MM: There is this song that I’m pretty sure is gonna be a summer hit. The song is by Eric Bellinger and I think it’s called Focused On You. It’s a sample of an older song and it’s got Two Chainz on it. And I think in the summer if it get a lot of play on the radio it’s gonna be a hit.

CS: It’s gonna be a big club party jam or something?

MM: Yeah yeah.

CS: Alright, so last question. I always like to end on this one, it’s a fun one. So you’ve got your one hour of Thirsty Thursday, how would your perfect show go?

MM: My perfect show. Mix it all up. If I could get a good amount of hip hop, a good amount of EDM, and a good amount of throwback and rap, and fresh songs that just came out and kinda put them out there and make someone say “hey I never heard that song before and I like it” then I did a good job.

CS: A little old, a little new, but all good?

MM: But all good.

CS: Alright, well thanks, man.

MM: Yeah.

And with that I left Michael to do his show. It’s great to hear our DJ’s be so passionate about the music they love, for Michael it goes back to his roots. He’s jamming out past dark on Thirsty Thursday, like a true college radio DJ. Make sure to tune in to his show, 10-11 p.m. only on KCR Radio, the Sound of State.

The Sounds of State-Amor Castro and Frida Ocadiz-Ortega

It was a beautiful November morning in San Diego when I hopped on the trolly to meet Amor Castro and her cohost Frida Ocadiz-Ortega. She told me we could meet in the Communications building so I sat in one of the chairs outside of KCR’s studio waiting for the pair. I unknowingly and embarrassingly stayed in my seat as I saw Frida walk in and sit down. I had only corresponded with Amor so I didn’t know who Frida was or what she looked like. When Amor walked in I also wasn’t sure if it was her until she mentioned that she was looking for me. Such is the extent of online conversation I suppose.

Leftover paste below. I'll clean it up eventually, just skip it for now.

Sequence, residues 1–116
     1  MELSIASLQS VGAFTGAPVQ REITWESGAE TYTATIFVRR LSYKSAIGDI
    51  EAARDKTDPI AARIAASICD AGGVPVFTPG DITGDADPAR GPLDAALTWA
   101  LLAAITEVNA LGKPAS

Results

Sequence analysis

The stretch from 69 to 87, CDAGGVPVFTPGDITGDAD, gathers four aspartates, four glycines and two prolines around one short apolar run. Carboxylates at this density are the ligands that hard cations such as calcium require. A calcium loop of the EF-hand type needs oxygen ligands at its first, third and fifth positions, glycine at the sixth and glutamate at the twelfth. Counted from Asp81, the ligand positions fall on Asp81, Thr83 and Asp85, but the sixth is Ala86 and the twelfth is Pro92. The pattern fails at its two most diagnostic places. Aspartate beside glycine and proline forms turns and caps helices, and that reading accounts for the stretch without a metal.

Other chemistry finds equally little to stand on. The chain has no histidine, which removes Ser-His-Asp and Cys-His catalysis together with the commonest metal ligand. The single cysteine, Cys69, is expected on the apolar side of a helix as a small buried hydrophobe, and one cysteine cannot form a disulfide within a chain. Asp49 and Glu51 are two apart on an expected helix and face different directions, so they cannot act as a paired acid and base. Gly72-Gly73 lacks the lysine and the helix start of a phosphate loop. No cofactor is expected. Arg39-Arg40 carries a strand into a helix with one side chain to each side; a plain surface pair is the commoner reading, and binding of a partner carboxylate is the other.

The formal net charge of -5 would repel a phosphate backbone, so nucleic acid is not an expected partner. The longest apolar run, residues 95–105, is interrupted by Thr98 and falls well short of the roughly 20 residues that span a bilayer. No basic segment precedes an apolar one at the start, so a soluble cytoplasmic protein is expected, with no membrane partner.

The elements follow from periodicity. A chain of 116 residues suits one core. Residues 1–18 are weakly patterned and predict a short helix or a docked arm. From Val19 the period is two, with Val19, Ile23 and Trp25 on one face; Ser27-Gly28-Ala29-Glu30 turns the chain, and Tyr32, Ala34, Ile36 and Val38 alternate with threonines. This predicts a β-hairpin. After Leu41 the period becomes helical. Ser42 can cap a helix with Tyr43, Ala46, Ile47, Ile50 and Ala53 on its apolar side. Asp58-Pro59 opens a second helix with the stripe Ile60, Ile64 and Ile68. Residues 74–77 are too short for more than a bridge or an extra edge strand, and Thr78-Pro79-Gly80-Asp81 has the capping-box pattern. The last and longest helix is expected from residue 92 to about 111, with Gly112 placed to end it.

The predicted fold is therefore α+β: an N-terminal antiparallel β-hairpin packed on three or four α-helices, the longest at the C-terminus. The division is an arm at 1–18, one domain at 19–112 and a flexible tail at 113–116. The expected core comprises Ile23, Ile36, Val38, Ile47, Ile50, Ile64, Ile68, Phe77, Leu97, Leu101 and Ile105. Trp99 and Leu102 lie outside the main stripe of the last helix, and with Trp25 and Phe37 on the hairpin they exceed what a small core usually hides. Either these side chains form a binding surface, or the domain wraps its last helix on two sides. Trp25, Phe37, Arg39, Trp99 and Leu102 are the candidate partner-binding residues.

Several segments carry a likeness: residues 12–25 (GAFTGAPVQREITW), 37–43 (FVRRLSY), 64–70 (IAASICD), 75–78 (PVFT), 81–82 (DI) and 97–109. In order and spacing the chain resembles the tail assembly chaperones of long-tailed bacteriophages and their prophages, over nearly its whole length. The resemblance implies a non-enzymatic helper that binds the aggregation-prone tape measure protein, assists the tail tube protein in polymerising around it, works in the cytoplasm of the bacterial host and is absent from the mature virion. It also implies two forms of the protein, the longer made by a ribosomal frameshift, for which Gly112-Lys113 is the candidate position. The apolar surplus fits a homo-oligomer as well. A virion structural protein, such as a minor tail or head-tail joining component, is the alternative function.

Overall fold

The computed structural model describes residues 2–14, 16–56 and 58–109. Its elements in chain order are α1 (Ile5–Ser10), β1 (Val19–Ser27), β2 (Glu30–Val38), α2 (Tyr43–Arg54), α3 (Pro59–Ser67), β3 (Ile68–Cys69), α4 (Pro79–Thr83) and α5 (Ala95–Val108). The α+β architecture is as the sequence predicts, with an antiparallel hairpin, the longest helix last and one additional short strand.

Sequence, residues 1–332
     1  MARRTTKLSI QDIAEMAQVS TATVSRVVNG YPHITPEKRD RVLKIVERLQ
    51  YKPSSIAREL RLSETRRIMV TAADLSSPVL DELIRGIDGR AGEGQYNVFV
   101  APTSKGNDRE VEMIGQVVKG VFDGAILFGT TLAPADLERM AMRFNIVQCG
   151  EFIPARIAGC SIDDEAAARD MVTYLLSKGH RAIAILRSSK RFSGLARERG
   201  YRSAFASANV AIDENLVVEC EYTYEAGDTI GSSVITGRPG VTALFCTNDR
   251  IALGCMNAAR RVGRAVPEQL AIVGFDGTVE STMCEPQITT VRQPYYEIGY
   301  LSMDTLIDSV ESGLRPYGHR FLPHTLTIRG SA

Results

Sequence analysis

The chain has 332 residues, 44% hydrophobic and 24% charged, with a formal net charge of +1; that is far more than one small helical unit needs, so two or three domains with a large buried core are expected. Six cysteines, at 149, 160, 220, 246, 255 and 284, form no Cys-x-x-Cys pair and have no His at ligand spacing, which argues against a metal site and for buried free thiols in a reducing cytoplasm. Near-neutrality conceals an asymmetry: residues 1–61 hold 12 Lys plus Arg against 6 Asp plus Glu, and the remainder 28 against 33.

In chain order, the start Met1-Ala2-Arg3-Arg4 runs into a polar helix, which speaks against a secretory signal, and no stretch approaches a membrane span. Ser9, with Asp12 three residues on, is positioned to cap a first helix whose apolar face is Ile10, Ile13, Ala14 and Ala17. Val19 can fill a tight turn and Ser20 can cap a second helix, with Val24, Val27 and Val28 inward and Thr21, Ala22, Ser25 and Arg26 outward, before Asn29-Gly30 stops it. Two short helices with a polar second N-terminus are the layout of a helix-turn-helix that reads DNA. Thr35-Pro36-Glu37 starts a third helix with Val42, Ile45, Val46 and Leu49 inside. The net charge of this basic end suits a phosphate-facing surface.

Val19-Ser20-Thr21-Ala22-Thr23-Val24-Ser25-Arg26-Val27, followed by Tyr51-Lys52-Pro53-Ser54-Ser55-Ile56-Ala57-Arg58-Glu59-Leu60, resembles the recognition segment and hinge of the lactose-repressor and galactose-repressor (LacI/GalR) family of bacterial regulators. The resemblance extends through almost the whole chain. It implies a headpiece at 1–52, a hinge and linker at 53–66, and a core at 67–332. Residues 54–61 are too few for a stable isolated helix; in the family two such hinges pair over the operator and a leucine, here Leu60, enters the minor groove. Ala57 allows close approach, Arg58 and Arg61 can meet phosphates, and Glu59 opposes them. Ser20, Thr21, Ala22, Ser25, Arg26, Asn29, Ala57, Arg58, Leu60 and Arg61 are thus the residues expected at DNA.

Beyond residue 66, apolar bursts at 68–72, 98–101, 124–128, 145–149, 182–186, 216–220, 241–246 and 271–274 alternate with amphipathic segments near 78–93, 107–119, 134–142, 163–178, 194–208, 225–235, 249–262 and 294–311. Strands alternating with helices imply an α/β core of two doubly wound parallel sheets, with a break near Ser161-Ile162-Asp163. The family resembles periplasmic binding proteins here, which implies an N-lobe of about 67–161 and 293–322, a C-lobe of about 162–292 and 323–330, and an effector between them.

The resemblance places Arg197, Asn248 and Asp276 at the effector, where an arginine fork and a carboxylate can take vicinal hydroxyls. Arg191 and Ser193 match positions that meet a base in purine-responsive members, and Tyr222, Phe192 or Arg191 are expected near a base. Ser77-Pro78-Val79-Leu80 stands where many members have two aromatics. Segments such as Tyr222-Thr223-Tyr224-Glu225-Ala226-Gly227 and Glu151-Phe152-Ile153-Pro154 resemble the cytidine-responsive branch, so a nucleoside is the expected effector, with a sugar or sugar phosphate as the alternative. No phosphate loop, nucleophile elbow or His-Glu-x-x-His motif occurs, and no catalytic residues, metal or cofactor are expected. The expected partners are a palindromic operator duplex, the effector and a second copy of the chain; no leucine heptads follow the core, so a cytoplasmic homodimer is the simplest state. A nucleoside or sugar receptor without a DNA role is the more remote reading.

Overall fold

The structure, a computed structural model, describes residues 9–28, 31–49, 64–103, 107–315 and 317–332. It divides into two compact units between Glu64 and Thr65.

With that mix up resolved, we went to leave and find a quiet space where we could record our interview without bothering anybody’s studies. We walked outside and settled on the area behind the Comm building and sat down. I could already tell that Frida and Amor would give me a good interview. Once we began, it was immediately apparent how friendly the two were and how well they played off each other when speaking. Frida suggested that I get that speech recognition software, which I agreed would clearly help with my transcription process. Ironically, because the pair are so close and comfortable with each other, I think they would have given the software trouble because they kept talking right after each other. Even going so far as to finish each others sentences at some points. It was clear that they certainly had good cohost chemistry.